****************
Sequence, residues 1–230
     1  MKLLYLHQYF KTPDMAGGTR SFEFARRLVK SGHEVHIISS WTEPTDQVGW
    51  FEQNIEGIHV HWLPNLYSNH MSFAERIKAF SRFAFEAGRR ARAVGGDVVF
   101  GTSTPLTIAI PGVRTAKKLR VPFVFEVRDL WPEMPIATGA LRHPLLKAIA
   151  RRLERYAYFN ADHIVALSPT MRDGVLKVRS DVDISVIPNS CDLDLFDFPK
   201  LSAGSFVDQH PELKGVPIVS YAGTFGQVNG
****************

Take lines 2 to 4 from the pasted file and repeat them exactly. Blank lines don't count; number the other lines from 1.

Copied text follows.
     1  MKLLYLHQYF KTPDMAGGTR SFEFARRLVK SGHEVHIISS WTEPTDQVGW
    51  FEQNIEGIHV HWLPNLYSNH MSFAERIKAF SRFAFEAGRR ARAVGGDVVF
   101  GTSTPLTIAI PGVRTAKKLR VPFVFEVRDL WPEMPIATGA LRHPLLKAIA